I was sorting through Christmas decorations this weekend, purging a bit because we’ve got too much. I came across both of these treasures that I haven’t seen in a few years because they were buried in Santa hats and ribbons. One is a note that was on a present for my husband the first Christmas after we moved to Seattle. He was having a hard time finding his way around, getting lost all the time, so the family and I got him a GPS for his car. He loved it. The note says, “We don’t know what we’d do if we ever lost you.” That was our last Christmas with him.
The second is a note Steven wrote to me 15 years ago at Christmas time, telling me how much he loved me and how Christmas was so wonderful now with our two girls. He told me I was amazing and beautiful and a great mom, and he told me how much he was looking forward to us watching our daughters grow up. He signed it “Your husband, Steve” as he always signed notes to me, which always made me smile.
I remember the first time I came across this letter in my decoration boxes. It brought me to my knees. Now I keep both of them in my Christmas bins so that I can pull out and sit with those memories each year. Sometimes they make me sad but usually they make me smile and feel warm because I’m so grateful for the love and the life we shared. I adore the ways in which he still manages to stay so present in our lives and the ways he reminds me that I am so worthy of love. ❤️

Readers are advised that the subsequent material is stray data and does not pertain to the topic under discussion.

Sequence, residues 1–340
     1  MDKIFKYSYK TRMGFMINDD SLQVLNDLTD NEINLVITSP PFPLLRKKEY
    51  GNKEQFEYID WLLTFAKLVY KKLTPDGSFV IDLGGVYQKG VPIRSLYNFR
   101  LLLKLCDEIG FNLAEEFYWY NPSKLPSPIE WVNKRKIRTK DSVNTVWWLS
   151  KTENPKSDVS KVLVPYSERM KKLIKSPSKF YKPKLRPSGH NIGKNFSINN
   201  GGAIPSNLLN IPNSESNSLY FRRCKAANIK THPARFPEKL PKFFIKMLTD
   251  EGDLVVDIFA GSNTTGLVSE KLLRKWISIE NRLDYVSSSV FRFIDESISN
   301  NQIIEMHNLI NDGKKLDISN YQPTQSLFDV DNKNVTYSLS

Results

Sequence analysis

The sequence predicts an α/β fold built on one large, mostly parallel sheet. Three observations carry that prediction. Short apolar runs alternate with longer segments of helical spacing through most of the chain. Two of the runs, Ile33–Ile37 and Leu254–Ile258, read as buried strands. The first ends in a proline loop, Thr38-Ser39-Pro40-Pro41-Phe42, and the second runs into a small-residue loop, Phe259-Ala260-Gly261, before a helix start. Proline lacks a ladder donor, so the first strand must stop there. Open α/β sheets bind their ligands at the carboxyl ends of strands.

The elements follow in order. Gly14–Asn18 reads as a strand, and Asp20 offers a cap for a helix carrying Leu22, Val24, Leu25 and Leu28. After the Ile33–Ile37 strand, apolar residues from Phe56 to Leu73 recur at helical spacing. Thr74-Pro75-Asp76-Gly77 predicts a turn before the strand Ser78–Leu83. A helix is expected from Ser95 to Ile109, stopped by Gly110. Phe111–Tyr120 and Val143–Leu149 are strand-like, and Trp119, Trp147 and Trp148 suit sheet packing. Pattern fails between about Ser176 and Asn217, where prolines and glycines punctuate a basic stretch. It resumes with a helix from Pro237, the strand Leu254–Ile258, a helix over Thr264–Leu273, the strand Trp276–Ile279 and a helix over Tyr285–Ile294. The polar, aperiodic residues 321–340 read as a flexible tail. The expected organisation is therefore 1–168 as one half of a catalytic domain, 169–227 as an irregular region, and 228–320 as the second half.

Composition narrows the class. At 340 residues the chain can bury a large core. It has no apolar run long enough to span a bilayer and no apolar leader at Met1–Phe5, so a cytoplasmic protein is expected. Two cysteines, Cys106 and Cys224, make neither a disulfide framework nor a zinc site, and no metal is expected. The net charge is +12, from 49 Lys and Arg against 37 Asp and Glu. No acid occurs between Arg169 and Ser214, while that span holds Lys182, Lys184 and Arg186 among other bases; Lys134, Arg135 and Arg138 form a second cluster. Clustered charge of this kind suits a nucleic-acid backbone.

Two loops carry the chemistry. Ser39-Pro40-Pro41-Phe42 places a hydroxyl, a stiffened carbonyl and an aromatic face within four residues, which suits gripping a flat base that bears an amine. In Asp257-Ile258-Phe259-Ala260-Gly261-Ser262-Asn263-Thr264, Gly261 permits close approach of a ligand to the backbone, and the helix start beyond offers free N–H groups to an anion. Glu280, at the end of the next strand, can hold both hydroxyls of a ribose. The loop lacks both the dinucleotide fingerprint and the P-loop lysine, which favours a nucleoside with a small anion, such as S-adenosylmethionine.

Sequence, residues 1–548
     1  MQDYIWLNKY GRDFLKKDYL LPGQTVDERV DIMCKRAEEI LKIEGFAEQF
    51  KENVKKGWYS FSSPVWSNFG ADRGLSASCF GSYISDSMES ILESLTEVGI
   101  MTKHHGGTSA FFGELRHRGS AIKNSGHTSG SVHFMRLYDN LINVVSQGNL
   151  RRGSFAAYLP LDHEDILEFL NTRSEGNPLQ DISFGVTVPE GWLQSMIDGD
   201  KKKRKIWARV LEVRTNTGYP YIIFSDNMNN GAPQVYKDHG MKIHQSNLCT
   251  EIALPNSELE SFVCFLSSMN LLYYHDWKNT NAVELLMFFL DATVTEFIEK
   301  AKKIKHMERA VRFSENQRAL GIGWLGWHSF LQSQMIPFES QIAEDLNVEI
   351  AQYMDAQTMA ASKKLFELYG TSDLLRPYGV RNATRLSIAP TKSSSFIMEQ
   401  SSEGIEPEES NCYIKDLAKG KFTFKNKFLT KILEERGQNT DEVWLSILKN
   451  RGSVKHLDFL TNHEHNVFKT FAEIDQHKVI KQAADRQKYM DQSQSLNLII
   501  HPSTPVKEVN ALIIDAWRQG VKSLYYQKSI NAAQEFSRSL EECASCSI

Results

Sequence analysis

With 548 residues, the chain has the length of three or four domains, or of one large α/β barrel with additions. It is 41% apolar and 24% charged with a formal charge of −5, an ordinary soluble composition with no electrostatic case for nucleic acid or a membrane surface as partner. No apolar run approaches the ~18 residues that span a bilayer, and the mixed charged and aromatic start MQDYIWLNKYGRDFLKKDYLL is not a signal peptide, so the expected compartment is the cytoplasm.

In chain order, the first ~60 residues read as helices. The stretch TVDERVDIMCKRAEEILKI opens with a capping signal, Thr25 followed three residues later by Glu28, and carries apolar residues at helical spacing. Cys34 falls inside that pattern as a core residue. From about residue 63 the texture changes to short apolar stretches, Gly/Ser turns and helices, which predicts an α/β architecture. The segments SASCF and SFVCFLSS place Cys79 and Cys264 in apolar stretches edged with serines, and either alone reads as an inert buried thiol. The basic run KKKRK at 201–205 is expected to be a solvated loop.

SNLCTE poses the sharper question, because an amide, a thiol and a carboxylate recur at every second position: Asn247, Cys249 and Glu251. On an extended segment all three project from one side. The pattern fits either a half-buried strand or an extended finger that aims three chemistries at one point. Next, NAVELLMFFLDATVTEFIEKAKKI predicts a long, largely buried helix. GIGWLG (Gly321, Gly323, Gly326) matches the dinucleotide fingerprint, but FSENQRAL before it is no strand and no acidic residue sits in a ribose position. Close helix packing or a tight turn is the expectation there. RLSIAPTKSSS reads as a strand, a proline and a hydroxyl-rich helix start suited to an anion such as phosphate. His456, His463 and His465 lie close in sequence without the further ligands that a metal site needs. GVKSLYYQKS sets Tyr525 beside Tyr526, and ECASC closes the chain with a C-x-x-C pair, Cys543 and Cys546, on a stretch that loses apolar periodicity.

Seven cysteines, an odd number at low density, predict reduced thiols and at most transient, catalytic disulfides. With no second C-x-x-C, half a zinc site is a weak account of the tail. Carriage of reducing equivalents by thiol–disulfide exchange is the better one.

Telling my two daughters that their dad died was the worst moment of my life. Worse than finding him dead – although that happened just minutes before. Telling them felt like I was doing something so huge, so monumental. I knew that the words coming out of my mouth were words that would change the trajectory of their lives forever. The weight of that, the enormity of what I was about to do, was brutal. As I sat in my eldest daughter’s bed, the grey light of the rainy morning starting to enter the room, I could feel the words form within me. It felt like they were holding on to my insides, not wanting to leave my body and come out into the light. It took great effort to pull them out and form the words with my mouth, force the air through and say them out loud. I did it. I said it. It felt as if I had done something violent, even though I said the words in the softest, kindest way I knew how. The words were something that divided that day from all others in the past. There was now a before and after. We all have before and after’s – before and after you met someone, before and after you were married, before and after you had children. But to be there bearer of your children’s before and after the day their dad died is quite the insanity.
Those first few months are really a blur for me. Hell, the first few years are a blur. A blur of sadness, grief, mixed with happiness and gratitude. Gratitude for the unbelievable amount of support our family received. It was amazing how our community came together to support us in ways we never dreamed.